The Rise of Tech in Seattle and its Impact on our Natural Lands

As we celebrate the centennial anniversary of our national parks, it’s important to look at who is visiting our parks and how that impacts their future. The growing tech industry in Seattle will effect these natural areas, and this industry can get involved with protecting our parks for 100 more years.
August 23, 2016
The Rise of Tech in Seattle and its Impact on our Natural Lands
by Leone Kraus, Corporate and Foundation Relations Manager

My wife and I moved to Seattle nearly three years ago from Brooklyn, New York. It took us less than a year to decide to make Seattle our forever home. For outdoor lovers like us, how could we not? In under an hour on any given day, we can be on the trails headed to our campsite, in the mountains getting ready for a day of snowshoeing, or on the water in a kayak.

We simply couldn’t do this in New York. It would take us the same amount of time just to navigate Brooklyn traffic into Manhattan, to catch the highway north out of the city toward the Catskills. Seattle has opened our eyes to how amazing it is to live in a city surrounded by accessible mountains and waters.

Though I work for an outdoor organization, I spend a lot of time with people who work in the technology industry. I lead the Seattle chapter of a global group that connects diverse audiences in tech for a variety of monthly networking and panel events. 

When I joined The Mountaineers, I envisioned I would have to release myself of this leadership role. Instead, I discovered natural overlaps between tech and the outdoors. For example, tech’s effort to grow diversity overlaps with the outdoor industry’s efforts to expand diversity — and both are necessary in order to take on some of our world’s biggest environmental challenges. So I decided to keep running the group and write about tech for our Mountaineer magazine.

Growth of Tech in the Greater Seattle Area

Seattle is frequently listed at the top for most livable city due to proximity to nature and recently held the title for fastest growing big city in the United States. Tech giants like Microsoft and Amazon have long called the Greater Seattle Area their home. Perhaps these companies set up shop here for the beautiful backdrop of mountains and water that surrounds their offices or they had the foresight to know that access to the outdoors could lead to a more happy and productive workforce. Whatever the reason, these companies picked a beautiful city to build their headquarters.

For years, these companies, along with newer arrivals like Facebook, Google, Apple, Zillow and others have attracted top talent from around the world to relocate to Seattle for jobs. Data from the Bureau of Labor Statistics shows that in 2015, there were approximately 60,000 jobs for developers in the Seattle Metro Area. According to the job site Simply Hired in July 2015, 21,000 jobs had been posted for tech positions, which made up about a quarter of all jobs available at the time. This growth contributed to Seattle’s once held “fastest growing city” title, bringing many new tech employees into the region.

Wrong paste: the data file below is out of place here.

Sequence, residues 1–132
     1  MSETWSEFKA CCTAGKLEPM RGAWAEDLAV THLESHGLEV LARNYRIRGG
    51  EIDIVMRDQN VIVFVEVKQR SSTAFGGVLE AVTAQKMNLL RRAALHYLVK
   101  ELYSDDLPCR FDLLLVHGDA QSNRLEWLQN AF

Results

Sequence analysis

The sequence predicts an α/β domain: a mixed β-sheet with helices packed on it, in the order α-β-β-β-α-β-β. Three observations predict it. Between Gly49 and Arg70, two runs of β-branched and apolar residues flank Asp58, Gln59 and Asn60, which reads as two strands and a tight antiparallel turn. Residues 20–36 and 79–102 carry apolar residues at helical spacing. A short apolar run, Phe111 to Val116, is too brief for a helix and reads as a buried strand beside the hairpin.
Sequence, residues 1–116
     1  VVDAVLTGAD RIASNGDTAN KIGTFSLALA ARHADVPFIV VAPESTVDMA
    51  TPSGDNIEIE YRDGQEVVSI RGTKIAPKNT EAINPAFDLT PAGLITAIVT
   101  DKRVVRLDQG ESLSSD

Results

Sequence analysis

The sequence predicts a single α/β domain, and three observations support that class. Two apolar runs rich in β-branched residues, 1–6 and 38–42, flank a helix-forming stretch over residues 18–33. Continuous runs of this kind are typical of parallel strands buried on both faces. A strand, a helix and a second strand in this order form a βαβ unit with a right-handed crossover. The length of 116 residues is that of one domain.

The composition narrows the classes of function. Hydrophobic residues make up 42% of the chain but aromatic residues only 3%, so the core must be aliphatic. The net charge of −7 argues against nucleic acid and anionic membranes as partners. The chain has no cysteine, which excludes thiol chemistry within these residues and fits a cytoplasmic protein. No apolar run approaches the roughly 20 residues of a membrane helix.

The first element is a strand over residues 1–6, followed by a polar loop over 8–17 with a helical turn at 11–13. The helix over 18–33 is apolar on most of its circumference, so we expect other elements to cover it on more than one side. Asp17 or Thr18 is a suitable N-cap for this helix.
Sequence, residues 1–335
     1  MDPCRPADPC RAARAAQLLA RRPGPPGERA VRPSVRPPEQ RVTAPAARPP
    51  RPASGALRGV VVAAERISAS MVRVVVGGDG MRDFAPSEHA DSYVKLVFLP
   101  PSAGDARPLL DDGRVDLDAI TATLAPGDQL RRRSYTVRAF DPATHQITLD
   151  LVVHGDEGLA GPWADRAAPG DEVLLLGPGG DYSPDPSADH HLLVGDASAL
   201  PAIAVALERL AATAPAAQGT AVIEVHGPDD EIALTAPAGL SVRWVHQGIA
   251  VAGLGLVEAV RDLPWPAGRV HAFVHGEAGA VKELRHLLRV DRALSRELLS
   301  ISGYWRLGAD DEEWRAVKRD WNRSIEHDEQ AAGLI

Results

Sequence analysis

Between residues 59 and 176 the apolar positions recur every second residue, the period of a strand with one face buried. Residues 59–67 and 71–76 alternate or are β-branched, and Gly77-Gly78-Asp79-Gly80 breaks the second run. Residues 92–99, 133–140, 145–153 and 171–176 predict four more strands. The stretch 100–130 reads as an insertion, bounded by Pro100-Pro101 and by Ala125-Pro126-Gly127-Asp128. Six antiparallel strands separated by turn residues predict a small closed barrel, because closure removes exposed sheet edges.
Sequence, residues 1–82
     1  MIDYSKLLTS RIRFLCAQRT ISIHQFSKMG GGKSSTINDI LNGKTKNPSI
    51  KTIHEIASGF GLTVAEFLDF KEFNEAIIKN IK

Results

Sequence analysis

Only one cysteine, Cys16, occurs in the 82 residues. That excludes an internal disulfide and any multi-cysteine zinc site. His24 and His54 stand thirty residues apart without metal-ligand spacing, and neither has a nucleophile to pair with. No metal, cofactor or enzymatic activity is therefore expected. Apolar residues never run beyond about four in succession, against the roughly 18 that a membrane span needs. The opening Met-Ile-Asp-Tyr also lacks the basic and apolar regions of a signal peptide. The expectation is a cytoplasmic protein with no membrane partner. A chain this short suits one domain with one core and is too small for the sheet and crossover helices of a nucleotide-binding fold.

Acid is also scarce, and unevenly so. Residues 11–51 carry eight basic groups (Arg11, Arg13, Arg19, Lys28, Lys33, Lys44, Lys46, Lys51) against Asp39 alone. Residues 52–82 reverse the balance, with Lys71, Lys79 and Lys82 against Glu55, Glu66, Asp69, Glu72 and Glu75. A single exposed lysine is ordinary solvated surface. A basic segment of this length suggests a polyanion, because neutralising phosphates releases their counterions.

New arrivals are contributing to some of the associated impacts from this growth — including congestion on the city’s roads and highways and the number of building cranes peppering the skyline. Further, as of March 2016, 8.2% of the private sector workforce in Washington works in tech — and these numbers are growing quickly.

Another visible sign of this growth is from Seattle’s changing demographics. Though it has been noted that by 2043, the whole of the minority will be the majority, Seattle may see this shift sooner. According to 2010 census data from Seattle Metro area, 72% of the population identified as Caucasian but as Seattle continues to grow and attract tech talent from around the world, the 2020 census data may show a decline for those who identify solely as Caucasian and an increase in minority populations continues to trend up. Couple this with some of the tech sector’s biggest player’s aggressive efforts to hire more women, people of color and other minorities into tech positions, we’re likely to see an increase in diverse populations in the next census. 

Growing Tech Supports Recreation Economy

People in the United States, and especially in Washington State, spend big money to “get outdoors.” According to research found in The Outdoor Recreation Economy report from the Outdoor Industry Association, which analyzes the economic impact of the recreation economy, every year approximately 140 million Americans spend $646 billion dollars in outdoor recreation. This amount takes into account the cost for gear like tents, packs, boots and clothes, vehicles like boats and jet skis, and other travel-related expenses like campground fees and souvenirs. In the state of Washington alone, $22.5 billion is spent on outdoor recreation. In fact, outdoor recreation consumer spending trails just behind Financial Services and Insurance and Outpatient Health Care, which are the two highest areas for consumer spending. 

In addition, outdoor recreation provides 227,000 jobs in Washington and 6.1 million nationally. The number of jobs available in the recreation economy will likely increase as demand for more outdoor gear, supplies, and other outdoor recreation needs grow in the future. The Outdoor Industry Association’s report states, “the outdoor recreation economy grew approximately 5% annually between 2005 and 2011 — this during and economic recession when many sectors contracted.” So this tells us that when the chips are down, people are still getting outside for peace of mind.